Getting Mental Health Help – How To Deal With Mental Illness

It can be hard to be mentally ill, and not just because of the disorder plaguing your life. Those effected by mental illness often don’t know where to turn when they want to get better, making it impossible for the healing and management process to ever start.

You can’t handle mental health on your own – whether you yourself are mentally ill or know someone who is. Instead of trying to deal with the situation on your own, a metal health professional should be there to guide you through the process of getting well. Everyone deserves comfort, support and advice for their conditions, and those with mental illness aren’t any different.

The first step is finding a support system. Those in your support system are those you can trust to be concerned and care for you. They will be great listeners, supporting and want what’s best for you, even if it may not be what you want yourself. These people can include friends, family, mentors and other adults that you look up to. People like teachers, professors, pastors and coaches can count as part of your support system.

This process can be especially difficult for young men. Younger men are taught to believe that signs of weakness should be handled on their own, but mental illness isn’t something that they can get through without a support system. This can be true of anyone, though – it can be hard to reach out, but going it alone is even harder.

It can also be a question of health insurance. Most insurance providers have some sort of mental health plan, and these companies provide lists of covered licensed mental health professionals in the area, as well as their specific coverage details.

Available Resources

Getting Help Mental Health

People like psychiatrists, counselors, therapists and social workers all count as those who can be in the mental health profession. Psychotherapy is the staple of this profession, and involves talking about problems to better understand and solve them. Medication can also be an option, though your specific mental health professional can guide you through finding the right kind – or if they are right for you at all.

Other community resources also exist in getting help with mental illnesses. These resources are often free or low-cost, meaning even low-income or destitute families can receive help for mental illnesses.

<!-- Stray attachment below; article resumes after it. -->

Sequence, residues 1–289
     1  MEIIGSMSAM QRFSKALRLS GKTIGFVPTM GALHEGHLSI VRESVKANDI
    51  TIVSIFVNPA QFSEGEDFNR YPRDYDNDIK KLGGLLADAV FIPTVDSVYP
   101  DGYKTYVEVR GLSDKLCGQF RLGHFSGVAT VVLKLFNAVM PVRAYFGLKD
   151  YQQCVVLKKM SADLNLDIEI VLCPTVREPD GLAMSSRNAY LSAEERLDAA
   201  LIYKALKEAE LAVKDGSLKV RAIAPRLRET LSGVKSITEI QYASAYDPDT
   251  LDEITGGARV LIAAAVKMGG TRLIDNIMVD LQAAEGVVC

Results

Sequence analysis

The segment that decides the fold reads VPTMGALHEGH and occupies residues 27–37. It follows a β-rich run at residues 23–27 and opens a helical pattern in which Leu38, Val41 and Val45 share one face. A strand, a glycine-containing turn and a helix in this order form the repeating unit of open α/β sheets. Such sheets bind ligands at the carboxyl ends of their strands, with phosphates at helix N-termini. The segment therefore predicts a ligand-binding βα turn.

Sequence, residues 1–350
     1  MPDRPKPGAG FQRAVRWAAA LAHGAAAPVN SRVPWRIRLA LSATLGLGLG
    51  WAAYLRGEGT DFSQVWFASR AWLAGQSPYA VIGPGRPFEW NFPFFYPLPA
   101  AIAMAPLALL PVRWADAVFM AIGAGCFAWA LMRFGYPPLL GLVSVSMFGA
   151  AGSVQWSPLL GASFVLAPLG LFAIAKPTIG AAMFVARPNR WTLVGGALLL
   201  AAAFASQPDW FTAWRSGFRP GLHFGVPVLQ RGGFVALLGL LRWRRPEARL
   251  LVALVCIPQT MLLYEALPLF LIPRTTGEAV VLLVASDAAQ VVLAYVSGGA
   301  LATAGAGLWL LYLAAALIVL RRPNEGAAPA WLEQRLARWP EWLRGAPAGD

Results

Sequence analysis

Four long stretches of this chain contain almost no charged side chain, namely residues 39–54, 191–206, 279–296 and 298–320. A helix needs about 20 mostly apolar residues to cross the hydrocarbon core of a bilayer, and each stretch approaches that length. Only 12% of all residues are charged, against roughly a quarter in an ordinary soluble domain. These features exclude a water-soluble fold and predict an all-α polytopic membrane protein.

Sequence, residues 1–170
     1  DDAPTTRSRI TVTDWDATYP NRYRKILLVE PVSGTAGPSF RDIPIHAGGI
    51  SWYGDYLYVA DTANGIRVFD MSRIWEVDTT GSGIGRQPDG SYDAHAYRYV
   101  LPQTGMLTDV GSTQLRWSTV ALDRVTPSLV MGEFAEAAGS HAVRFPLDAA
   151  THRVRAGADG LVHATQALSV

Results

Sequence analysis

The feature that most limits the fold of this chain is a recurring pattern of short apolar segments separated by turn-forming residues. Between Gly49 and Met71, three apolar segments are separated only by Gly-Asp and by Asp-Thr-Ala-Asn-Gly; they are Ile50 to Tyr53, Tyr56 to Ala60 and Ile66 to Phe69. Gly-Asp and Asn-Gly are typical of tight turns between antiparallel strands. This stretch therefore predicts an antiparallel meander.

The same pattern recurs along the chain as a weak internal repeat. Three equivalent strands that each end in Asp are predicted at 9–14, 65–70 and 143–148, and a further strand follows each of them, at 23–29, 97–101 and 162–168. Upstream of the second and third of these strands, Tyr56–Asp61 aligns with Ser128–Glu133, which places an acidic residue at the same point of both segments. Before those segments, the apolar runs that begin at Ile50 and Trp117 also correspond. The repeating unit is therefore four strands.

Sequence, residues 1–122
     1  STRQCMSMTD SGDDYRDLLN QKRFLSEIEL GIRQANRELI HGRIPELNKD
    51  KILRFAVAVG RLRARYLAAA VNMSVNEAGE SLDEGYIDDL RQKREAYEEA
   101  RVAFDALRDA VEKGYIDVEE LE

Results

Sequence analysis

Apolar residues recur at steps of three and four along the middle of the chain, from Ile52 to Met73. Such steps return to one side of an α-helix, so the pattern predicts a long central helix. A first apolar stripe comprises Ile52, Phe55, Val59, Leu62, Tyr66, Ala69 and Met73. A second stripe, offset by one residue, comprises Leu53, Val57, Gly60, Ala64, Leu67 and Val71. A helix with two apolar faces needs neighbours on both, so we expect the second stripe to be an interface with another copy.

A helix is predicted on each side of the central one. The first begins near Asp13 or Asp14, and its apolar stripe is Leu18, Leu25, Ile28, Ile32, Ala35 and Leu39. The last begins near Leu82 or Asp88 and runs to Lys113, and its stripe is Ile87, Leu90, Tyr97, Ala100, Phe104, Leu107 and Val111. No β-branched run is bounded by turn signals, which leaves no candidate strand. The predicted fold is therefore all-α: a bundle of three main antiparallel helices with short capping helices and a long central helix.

• For children and young adults, schools can be a major player in helping them with mental illness. School counselors and nurses can offer advice and also help students find higher levels of mental health help to better equip their student for getting well.
  • Community-based mental health services exist in almost every state. Most states offer government insurance that covers some mental health benefits, such as scheduled therapist and counselor sessions through the state. These specific departments can be researched online or found in your local phone book.
  • Free self-help and therapy groups exist within communities. Do your research and you’ll discover support groups in your area that likely deal with grief, alcohol and drug addiction, abuse survival and many other areas of mental health support.
  • Most major cities offer mental health crisis centers and hotlines through which those in a state of emergency can reach out and receive help. The country also offers hotlines for those experiencing suicidal thoughts and other mental health emergency. These numbers are also often open 24/7, meaning you can reach someone anytime you need to.

Taking the Right Steps

Stay informed about mental health issues. Go to your local library and do research. It’s always best to receive a correct diagnosis from a mental health professional first, but a local library can be what helps you learn more about your diagnosis, or even discover coping strategies when you can’t afford to see a mental health processional.

Websites also exist that contain vast amounts of resources for those suffering with mental illness. Just remember that when it comes to mental health? Nothing is worse than nothing. Even helping yourself just a little bit is better than not receiving any help at all.

A Positive, Effective Mindset

Untreated mental illnesses can get worse over time, and these untreated illnesses can often lead to suicidal thoughts or attempts. When you are feeling like you’re about to go over the edge, speak out. Don’t feel ashamed or embarrassed. When you speak out, you can get the help you need.

Keep these quick pointers in mind. Repeat them every time you feel bad or like you are ashamed of needing help:

  • My mental health is just like my physical health – important to my well-being.
  • My mental health problems are real and they deserve effective treatment.
  • It’s not my fault I have a mental health problem.
  • I am not weak for having a mental health problem. I cannot just “get over it” like those without these problems can.
  • It’s okay if I ask for help, regardless of my gender.
  • I have hope. I can recover. I can be happy.